I will fear no evil, for You are with me. (Psalm 23)
These exalted words filled me with hope. The walls of my prison seemed to expand; the gloomy atmosphere of the dim dungeon became brighter. The fear and despair began to dissipate. Rather than envisioning a dismal future, I thought about the history of the Jewish people, its tragedies and its unique destiny. I was with my people, and I knew they would never abandon me.
As I mentioned before, a factor that strengthened our spirit was the assurance that we were not alone. In response to the struggle of the small group of Russian Jewish activists withstanding KGB persecution, the massive international movement arose to free Soviet Jews. In that effort, we Jewish activists needed strong solidarity and mutual help.
An example of that solidarity took place during Natan Sharansky’s trial in 1978. Sharansky had also been arrested in March 1977. A great deal has been written about his trial, where he was charged with a very serious crime against the state, which garnered a severe punishment. Here is an excerpt from Sharansky’s 1988 book Fear No Evil: “They took me to a special holding cell. I knew that nothing was actually being decided now, and that all the important decisions had already been made. To distract myself, I read the various inscriptions and curses scratched and written across the walls of the cell.
“Suddenly my eyes fell upon a Magen David, with an inscription below it in Hebrew: ‘Asir Zion Yosef Begun. Hazak ve’ematz!’ (Prisoner of Zion Yosef Begun. Be strong and courageous!)"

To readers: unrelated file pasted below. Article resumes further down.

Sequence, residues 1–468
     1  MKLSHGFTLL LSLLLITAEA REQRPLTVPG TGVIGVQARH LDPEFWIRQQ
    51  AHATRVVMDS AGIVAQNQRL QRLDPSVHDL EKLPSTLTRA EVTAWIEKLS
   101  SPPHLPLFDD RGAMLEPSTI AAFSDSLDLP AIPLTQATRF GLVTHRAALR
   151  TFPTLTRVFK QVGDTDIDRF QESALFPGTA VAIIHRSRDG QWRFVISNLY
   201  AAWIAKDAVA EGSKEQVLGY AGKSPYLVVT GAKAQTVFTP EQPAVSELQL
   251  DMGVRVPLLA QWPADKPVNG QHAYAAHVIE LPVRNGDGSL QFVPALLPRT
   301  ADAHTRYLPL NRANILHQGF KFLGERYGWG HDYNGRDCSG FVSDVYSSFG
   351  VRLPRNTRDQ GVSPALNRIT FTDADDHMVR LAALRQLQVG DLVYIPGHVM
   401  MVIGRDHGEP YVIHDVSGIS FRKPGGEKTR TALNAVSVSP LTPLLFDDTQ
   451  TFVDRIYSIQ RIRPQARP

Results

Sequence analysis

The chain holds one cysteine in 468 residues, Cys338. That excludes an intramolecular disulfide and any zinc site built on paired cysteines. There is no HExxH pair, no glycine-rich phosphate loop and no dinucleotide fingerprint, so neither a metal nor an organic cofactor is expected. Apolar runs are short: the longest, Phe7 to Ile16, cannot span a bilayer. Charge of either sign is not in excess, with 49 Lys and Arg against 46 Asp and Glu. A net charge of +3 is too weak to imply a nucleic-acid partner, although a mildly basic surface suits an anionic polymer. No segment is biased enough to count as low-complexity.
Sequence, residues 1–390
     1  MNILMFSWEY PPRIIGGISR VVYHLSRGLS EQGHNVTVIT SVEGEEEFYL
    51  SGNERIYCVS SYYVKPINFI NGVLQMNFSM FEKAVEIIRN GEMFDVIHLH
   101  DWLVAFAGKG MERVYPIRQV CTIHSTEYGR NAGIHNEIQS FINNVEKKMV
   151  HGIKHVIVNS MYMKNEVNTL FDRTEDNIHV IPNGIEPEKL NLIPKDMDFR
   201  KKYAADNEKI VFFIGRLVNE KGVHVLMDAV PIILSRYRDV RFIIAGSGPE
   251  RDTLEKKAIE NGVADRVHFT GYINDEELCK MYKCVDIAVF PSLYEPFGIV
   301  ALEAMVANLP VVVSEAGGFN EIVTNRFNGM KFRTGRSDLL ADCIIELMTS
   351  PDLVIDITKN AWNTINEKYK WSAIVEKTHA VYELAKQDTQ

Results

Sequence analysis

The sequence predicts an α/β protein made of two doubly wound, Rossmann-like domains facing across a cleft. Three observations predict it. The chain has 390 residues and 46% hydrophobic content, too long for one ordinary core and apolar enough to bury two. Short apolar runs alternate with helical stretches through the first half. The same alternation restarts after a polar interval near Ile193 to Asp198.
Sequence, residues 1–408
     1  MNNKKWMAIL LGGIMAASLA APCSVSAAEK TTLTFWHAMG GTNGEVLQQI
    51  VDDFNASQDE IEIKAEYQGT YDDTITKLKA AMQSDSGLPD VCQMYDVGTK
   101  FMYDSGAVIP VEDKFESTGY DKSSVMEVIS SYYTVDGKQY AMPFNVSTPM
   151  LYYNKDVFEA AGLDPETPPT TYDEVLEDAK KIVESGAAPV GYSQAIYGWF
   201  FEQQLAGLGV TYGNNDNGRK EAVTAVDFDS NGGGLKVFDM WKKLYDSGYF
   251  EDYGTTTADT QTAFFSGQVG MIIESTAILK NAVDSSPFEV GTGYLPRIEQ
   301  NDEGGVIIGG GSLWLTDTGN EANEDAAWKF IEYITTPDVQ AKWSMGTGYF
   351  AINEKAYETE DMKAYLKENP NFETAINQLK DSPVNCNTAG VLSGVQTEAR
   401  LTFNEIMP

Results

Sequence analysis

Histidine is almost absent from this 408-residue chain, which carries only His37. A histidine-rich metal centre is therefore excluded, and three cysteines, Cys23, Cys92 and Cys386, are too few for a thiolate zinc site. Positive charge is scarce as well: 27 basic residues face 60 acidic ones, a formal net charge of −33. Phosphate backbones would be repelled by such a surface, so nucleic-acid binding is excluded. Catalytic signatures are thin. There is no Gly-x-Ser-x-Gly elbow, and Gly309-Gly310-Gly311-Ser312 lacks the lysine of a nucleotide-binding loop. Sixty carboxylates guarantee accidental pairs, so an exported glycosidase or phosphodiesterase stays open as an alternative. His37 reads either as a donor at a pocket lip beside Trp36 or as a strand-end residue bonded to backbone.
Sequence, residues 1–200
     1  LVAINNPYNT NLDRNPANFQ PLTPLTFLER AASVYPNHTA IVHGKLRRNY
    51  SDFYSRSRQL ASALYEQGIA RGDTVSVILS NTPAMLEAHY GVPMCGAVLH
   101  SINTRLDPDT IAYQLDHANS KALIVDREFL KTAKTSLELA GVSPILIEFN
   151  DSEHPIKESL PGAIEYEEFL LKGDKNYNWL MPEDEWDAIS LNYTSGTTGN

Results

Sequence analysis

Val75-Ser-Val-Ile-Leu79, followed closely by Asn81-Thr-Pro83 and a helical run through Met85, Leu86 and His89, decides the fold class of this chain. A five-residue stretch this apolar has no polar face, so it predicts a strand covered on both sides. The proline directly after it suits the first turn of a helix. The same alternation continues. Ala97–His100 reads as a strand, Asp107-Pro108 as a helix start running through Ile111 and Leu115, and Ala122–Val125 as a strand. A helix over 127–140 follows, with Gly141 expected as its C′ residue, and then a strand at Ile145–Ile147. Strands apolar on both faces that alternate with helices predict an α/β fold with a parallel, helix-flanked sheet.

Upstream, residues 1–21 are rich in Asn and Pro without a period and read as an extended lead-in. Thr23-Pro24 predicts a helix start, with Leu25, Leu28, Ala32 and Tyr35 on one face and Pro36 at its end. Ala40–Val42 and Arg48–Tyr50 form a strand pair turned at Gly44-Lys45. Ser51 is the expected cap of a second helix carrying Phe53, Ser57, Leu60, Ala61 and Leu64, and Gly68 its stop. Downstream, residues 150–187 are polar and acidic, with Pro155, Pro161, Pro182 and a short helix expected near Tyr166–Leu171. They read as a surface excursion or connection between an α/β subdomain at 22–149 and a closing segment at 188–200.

Begun, a Hebrew teacher and veteran of our movement, had been arrested not long before me on a charge of parasitism, a common charge against refuseniks dismissed from their jobs. Begun must have been tried in this building and waited in this very cell, where he had left a message to support whoever would be here. Thank you, Yosef.
“I returned to my seat in the courtroom....”
Inspired by the courageous fight of Jews behind the Iron Curtain, Jews in many countries banded together to help us, under the biblical appeal “Let my people go.” This movement was so powerful that it could influence government policy on behalf of Soviet Jews. I have personal evidence of this.
Soon after making aliya in 1988, I was invited to the White House to meet with Ronald Reagan. The US president gave me a special gift – a metal bracelet inscribed with my name, a Magen David and the Hebrew words “Asir Zion” [prisoner of Zion]. Thousands of Americans had such bracelets with the names of imprisoned Jewish activists. Reagan was known to be a great supporter of Soviet Jews. When he handed me the bracelet, he said, “It has been on my desk to remind me of the suffering of the Jews in the USSR.”